If you find yourself pregnant during warmer months, there is probably a backyard barbecue (or three!) on the calendar. But before you fire up that grill or fill up your plate, remember that some of your favorite dishes may be risky for moms-to-be. “Certain foods can harbor bacteria that are particularly dangerous during pregnancy,” explains Mary Lynn, D.O., an assistant professor of obstetrics and gynecology at Loyola University Medical Center in Maywood, Illinois.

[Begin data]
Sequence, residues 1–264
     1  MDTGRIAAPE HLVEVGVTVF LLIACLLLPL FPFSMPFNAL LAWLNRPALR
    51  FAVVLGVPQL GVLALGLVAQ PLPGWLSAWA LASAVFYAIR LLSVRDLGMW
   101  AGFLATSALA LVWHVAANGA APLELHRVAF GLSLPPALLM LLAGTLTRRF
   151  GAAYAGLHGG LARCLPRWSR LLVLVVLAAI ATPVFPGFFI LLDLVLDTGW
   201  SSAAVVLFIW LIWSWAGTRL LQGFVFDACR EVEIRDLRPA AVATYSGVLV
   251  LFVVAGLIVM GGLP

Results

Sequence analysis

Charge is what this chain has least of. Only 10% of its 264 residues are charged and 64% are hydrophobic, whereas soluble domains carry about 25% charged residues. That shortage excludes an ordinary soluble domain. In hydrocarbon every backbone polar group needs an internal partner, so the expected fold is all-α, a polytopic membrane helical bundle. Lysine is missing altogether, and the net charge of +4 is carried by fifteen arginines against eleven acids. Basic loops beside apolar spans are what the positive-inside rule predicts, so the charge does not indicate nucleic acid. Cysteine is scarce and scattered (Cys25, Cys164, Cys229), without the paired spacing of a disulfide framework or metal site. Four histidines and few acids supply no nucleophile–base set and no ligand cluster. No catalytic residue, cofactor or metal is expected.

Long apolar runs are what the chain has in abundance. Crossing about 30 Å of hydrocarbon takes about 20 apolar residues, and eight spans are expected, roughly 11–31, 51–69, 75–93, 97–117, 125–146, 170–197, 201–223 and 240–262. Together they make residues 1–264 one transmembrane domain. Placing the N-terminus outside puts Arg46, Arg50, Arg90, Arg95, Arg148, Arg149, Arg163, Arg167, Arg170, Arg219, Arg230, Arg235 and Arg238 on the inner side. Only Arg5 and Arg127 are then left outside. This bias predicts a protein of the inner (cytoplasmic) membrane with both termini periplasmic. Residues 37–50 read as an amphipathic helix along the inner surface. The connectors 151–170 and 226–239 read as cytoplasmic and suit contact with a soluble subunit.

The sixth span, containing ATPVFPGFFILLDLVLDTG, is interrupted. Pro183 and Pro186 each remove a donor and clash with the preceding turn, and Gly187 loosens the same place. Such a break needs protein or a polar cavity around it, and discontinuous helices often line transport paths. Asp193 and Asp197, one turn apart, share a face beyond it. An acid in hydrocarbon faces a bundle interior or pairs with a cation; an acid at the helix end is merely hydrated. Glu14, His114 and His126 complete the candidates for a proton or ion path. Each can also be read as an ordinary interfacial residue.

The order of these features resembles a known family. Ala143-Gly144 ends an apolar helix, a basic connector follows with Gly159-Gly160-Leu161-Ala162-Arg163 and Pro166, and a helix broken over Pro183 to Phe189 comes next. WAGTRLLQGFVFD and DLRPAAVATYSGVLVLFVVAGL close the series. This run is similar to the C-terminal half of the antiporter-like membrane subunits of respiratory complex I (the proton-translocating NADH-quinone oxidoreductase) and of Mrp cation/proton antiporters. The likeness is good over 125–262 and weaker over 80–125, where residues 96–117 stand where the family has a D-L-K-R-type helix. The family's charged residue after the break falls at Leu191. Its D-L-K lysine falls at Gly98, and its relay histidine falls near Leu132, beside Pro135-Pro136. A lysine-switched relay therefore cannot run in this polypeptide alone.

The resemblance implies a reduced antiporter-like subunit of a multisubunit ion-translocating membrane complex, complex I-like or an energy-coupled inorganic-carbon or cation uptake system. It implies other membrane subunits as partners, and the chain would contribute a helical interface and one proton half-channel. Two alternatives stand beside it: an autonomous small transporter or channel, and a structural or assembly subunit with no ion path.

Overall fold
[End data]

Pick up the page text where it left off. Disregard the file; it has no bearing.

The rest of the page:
I had my chance to perfect this guacamole recipe when my wife, Lindsay, got pregnant and it was all she wanted to eat. My first piece of advice is to use properly ripened avocados—they should just “give” when you squeeze them. Be generous with the lime juice and salt and, above all, keep it chunky.
By using half whole eggs and half egg whites, you get the yolks' nutrients—especially choline and omega-3s for fetal brain development—with less cholesterol.